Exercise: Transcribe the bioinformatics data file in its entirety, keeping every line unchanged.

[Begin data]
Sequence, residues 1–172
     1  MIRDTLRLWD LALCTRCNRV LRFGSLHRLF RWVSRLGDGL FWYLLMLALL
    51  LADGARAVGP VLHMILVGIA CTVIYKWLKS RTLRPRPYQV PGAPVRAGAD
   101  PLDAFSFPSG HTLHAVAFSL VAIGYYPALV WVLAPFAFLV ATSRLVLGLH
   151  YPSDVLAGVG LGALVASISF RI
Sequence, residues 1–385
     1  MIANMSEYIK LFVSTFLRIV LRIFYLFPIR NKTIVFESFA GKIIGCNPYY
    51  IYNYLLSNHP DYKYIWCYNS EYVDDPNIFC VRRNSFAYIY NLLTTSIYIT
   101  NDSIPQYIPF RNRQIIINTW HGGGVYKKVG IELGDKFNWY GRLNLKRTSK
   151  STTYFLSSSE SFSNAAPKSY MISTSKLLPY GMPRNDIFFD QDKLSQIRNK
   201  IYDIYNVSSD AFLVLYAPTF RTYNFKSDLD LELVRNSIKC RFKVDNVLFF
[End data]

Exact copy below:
Sequence, residues 1–172
     1  MIRDTLRLWD LALCTRCNRV LRFGSLHRLF RWVSRLGDGL FWYLLMLALL
    51  LADGARAVGP VLHMILVGIA CTVIYKWLKS RTLRPRPYQV PGAPVRAGAD
   101  PLDAFSFPSG HTLHAVAFSL VAIGYYPALV WVLAPFAFLV ATSRLVLGLH
   151  YPSDVLAGVG LGALVASISF RI
Sequence, residues 1–385
     1  MIANMSEYIK LFVSTFLRIV LRIFYLFPIR NKTIVFESFA GKIIGCNPYY
    51  IYNYLLSNHP DYKYIWCYNS EYVDDPNIFC VRRNSFAYIY NLLTTSIYIT
   101  NDSIPQYIPF RNRQIIINTW HGGGVYKKVG IELGDKFNWY GRLNLKRTSK
   151  STTYFLSSSE SFSNAAPKSY MISTSKLLPY GMPRNDIFFD QDKLSQIRNK
   201  IYDIYNVSSD AFLVLYAPTF RTYNFKSDLD LELVRNSIKC RFKVDNVLFF